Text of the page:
It’s also worth noting that FairShare results show you every page that reuse your work above a certain minimum threshold – in those cases where there might be an issue with your license, we highlight it. At some point we may add in filters to look at only certain types of pages, but we thought best to start here and get feedback.

    I hope that helps – we’re very open to ideas on how to redefine this.

    Reply

  4. By Joshua Dorkin posted on May 26, 2009 at 1:09 am
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    Lorelle –
    Do you have any solutions to a splogger who scrapes your feedburner feed, but is located in Russia? The normal channels haven’t worked so far. Thoughts?

    Josh

    Reply

  5. By Joshua Dorkin posted on May 26, 2009 at 11:27 pm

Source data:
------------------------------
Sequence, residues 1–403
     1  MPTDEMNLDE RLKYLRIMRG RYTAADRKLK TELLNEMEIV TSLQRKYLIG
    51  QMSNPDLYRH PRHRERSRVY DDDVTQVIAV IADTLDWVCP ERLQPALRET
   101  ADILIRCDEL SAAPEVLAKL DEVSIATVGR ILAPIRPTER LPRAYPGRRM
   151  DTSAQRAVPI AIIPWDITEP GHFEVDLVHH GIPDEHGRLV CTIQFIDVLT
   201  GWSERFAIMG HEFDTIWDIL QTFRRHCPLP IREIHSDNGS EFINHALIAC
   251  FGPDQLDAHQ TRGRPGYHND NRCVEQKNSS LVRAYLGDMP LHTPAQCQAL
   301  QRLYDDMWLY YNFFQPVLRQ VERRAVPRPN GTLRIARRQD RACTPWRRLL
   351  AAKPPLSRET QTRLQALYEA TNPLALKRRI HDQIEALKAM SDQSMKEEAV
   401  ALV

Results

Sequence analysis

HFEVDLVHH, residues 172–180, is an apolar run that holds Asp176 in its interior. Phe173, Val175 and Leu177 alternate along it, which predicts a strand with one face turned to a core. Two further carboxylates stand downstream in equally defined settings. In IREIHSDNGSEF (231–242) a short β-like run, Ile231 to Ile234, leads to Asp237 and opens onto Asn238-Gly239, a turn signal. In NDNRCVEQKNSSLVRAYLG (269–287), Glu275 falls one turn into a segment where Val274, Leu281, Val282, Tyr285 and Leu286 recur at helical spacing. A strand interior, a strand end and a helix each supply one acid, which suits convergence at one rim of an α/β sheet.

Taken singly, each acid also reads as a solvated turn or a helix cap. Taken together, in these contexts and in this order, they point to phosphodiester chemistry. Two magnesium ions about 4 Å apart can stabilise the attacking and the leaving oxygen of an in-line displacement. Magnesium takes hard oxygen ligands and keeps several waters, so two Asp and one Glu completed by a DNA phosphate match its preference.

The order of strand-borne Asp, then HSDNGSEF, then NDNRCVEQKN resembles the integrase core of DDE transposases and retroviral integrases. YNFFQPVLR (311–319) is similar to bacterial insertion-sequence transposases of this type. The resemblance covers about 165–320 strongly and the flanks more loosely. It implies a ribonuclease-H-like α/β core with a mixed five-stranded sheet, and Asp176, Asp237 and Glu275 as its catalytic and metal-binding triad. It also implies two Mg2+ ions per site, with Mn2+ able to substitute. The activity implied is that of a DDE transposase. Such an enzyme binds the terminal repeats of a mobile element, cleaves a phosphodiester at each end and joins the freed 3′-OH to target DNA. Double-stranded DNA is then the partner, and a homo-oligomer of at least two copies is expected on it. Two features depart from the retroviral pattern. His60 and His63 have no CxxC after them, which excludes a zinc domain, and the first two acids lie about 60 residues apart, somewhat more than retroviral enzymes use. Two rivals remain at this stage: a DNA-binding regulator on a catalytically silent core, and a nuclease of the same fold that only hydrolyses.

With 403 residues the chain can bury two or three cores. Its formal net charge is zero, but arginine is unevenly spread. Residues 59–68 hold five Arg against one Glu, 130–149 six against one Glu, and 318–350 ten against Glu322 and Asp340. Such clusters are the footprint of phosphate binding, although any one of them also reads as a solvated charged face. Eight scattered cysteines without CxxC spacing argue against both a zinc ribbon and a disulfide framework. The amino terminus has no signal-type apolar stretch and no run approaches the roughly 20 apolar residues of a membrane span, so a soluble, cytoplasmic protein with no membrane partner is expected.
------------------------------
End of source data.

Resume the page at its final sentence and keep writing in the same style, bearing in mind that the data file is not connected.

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    Thanks for the tip, Lorelle

    Reply

  6. By Rich Pearson posted on May 26, 2009 at 11:35 pm
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    Josh,

    Jonathan is indeed a super resource – in addition to what Lorelle says, also consider

    – Demanding that the ad networks monetizing your content remove the ads. It’s a little known fact, but the major ones will remove ads: http://www.google.com/adsense_dmca.html

    – Demand that the search engines remove the copied pages from their index. all of the search engines will handle, but here’s a link to Yahoo: http://info.yahoo.com/copyright/us/details.html

    Reply

  7. By Joshua Dorkin posted on May 27, 2009 at 9:03 pm
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    Here’s a follow up – I contacted Jonathan and he was incredible. He got back to me right away with some advice that made sense. Essentially, he encouraged me to file a DCMA with the search engines so the offending content would be removed. We’ll see how that goes.

    Thanks for chiming in, Rich.

    Reply